Waiting times / Attese

Waiting times / Attese
Isola di Linosa38°86'61'' N, 12°86'87'' E

A child is riding his bicycle carrying his backpack, I’m following his trails to see Linosa through his eyes on a February morning.
Of my school time, I vividly remember the moment right before the bell, along with breathless sprints not to be late, car doors opening, quick hugs to distracted parents and snack bags. Here in the hall, you can only hear the sound of a few voices, there are no shoves and no yelling from the caretaker calling for calm.
The child leaves his bicycle and joins his class. He stays in there for the whole morning together with other three classmates – all of them of different ages – and the teacher starts her lesson thinking about the school programmes of third, fourth and fifth grades all at the same time.

At the coffee shop, two men wonder whether the ferry-boat is going to arrive tomorrow, or the gas station is going to work properly again, and in the meantime, they talk about winds, looking for clues in the sky.
The bell cuts them short. The church is overcrowded, many people have to remain outside but the whole community is following the priest. He leads the funeral cortège towards the little graveyard which recalls a miniature residential area for its colours and shapes. The morning is marked by some encounters and every conversation, even the shortest one, gives me back a slice of life, a treasured picture that becomes awareness and overturns clichés.

People usually think of an island during the winter as a deserted place – here no one is alone but life is spent waiting for something.
This thought guides me every day I spend in here and makes me look at things and space in a different way.
Boats remain stationary, some tarpaulins cover them, no sound can be heard by the dance hall, restaurants are shut and small rooms seem way too big. The waiting is made of gestures and care:
the colours of plasters are freshened up along with the colours of the cornices of doors and windows.
Nets are prepared, woven and fixed – some doors, featureless at first glance, when opened reveal laboratories swarming with tools. Some of the rooms are full, other ones call out to simplicity because of their walls destroyed by humidity, of the pictures of saints and the feeling that they need to be filled in order to compensate a certain idea of loneliness.
Everyone is getting ready for the short summer in their own ways, yet you should spend autumn, winter and spring here, because only this way you would find stories, moods, shades, escape routes and points of view.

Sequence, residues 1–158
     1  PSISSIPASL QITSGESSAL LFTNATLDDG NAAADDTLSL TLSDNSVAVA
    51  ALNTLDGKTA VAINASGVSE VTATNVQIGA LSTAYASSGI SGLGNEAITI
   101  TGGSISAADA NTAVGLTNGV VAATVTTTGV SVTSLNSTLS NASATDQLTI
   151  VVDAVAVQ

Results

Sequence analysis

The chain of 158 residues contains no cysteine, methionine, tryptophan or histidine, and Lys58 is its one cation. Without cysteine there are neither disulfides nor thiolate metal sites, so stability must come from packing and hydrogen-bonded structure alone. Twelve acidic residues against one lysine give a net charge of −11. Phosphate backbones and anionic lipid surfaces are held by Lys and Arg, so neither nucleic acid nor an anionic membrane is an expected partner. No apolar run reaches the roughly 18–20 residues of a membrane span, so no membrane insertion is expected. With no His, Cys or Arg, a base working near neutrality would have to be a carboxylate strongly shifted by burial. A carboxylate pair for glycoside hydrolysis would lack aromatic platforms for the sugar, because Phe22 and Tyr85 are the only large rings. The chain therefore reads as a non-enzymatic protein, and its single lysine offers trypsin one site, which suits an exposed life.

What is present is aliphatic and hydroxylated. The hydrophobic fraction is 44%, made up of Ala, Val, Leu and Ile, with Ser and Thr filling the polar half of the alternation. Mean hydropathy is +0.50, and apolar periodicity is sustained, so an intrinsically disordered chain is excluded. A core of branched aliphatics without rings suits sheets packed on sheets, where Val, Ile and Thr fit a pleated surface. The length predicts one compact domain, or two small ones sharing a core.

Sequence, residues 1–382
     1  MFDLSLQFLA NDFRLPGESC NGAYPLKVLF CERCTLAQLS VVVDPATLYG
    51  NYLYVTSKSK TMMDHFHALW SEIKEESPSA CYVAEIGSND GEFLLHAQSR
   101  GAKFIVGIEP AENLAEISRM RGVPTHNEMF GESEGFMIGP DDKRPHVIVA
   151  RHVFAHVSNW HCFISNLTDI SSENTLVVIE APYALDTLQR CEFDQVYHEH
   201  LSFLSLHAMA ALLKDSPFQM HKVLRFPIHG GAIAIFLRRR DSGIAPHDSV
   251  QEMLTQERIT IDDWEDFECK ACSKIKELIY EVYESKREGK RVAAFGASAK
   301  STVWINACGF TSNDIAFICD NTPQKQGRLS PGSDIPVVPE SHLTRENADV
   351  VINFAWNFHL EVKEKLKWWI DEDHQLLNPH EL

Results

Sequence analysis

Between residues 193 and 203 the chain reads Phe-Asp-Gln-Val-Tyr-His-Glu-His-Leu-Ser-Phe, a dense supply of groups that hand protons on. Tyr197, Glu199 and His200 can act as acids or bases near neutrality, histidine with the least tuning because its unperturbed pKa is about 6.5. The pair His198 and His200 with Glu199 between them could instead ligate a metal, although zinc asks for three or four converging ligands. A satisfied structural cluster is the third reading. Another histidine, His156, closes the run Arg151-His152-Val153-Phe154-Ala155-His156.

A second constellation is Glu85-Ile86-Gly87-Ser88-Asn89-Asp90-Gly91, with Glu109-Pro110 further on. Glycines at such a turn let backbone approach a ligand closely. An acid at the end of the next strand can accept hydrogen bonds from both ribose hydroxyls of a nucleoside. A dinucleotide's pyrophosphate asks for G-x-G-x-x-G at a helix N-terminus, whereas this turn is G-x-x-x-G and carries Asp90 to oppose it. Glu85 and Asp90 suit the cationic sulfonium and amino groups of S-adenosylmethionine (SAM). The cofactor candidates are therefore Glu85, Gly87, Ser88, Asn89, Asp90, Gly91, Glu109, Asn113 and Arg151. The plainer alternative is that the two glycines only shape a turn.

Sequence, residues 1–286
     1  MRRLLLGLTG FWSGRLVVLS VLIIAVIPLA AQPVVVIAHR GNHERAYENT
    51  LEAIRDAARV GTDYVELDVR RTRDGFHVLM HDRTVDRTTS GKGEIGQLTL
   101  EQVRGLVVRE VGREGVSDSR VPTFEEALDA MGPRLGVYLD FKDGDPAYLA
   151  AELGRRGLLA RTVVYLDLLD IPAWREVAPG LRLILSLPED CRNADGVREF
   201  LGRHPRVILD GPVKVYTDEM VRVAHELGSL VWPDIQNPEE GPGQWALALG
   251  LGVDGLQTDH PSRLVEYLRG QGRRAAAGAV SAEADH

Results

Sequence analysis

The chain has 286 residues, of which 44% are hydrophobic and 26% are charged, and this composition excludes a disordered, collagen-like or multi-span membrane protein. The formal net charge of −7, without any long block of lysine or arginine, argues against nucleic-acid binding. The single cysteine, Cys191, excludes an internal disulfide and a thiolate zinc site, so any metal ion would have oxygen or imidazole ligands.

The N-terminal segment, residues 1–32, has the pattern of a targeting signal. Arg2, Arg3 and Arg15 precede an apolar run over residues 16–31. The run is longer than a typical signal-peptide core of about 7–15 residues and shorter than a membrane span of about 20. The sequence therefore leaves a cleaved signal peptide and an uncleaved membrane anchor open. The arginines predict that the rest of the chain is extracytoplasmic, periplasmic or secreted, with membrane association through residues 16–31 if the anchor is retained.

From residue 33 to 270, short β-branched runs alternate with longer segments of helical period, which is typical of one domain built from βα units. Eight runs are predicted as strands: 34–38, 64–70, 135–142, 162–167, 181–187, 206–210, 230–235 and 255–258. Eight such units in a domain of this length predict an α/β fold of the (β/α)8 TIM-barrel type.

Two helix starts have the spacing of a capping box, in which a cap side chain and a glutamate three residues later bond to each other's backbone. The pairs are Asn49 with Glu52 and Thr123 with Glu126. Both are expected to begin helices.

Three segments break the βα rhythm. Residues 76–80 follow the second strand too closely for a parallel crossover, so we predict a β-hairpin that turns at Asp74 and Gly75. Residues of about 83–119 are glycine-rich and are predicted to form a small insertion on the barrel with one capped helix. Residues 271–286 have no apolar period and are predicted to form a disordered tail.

You would catch feelings or contradictions trying to get away and hide. The character of the island appears like a complex plot, and each extra day spent in here allows you to significantly improve the idea that goes beyond the concept of islandness. Things you can’t quite catch on to, can be grasped in time or when you leave this place behind.

Linosa should be visited from dawn to nightfall, walking from one end to the other, by the coast and into the interior, till the low peaks.
The road runs straight, following the hill, it hides the sea and shows lentil fields and prickly pears valleys.
Every day, I reach a different low peak: Monte Bandiera, Monte Rosso, Monte Nero, Monte Vulcano, and I think of the first inhabitants of Linosa – thirty colony members arrived on the island on April 25, 1845 - led by Bernardo Maria Sanvisente. Now, noises become familiar: shearwaters, the bell clang at 6 o’clock, the footsteps on the volcanic stone that seems to crumble.
At the end of the day, I’m following a man going back home slowly on his tractor. He reminds me of old Alvin Straight, a 73-year-old farmer who rode his lawnmower for 300 miles in the States to visit his sick brother. Now, there may be 3 miles only, but here layers carry their marks, paved lanes branch off, and every glimpse of scenery becomes fascinating in its own way. Sometimes I forget about the sea and I look down on it. During the winter Linosa is a mountain, a shelter for boats, self reflection and waiting time.

Text Marco Mondino
Photography Fabio Florio
Translation Valentina Di Fazio

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